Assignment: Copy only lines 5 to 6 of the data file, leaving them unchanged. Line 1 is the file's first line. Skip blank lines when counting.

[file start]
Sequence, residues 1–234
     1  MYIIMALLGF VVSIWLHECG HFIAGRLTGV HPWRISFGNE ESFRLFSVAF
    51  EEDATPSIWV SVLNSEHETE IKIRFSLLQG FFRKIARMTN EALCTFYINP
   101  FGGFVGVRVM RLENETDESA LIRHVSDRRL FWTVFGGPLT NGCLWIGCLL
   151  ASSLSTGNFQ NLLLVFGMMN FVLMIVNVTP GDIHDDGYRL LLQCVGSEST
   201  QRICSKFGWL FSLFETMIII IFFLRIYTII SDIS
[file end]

   151  ASSLSTGNFQ NLLLVFGMMN FVLMIVNVTP GDIHDDGYRL LLQCVGSEST
   201  QRICSKFGWL FSLFETMIII IFFLRIYTII SDIS